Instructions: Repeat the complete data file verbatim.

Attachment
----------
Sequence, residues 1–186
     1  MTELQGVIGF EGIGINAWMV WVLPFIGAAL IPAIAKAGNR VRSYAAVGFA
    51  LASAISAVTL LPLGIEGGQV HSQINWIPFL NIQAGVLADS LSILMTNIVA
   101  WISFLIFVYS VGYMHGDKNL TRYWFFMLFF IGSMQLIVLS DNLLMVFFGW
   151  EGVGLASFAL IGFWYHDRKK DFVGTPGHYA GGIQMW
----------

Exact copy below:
Sequence, residues 1–186
     1  MTELQGVIGF EGIGINAWMV WVLPFIGAAL IPAIAKAGNR VRSYAAVGFA
    51  LASAISAVTL LPLGIEGGQV HSQINWIPFL NIQAGVLADS LSILMTNIVA
   101  WISFLIFVYS VGYMHGDKNL TRYWFFMLFF IGSMQLIVLS DNLLMVFFGW
   151  EGVGLASFAL IGFWYHDRKK DFVGTPGHYA GGIQMW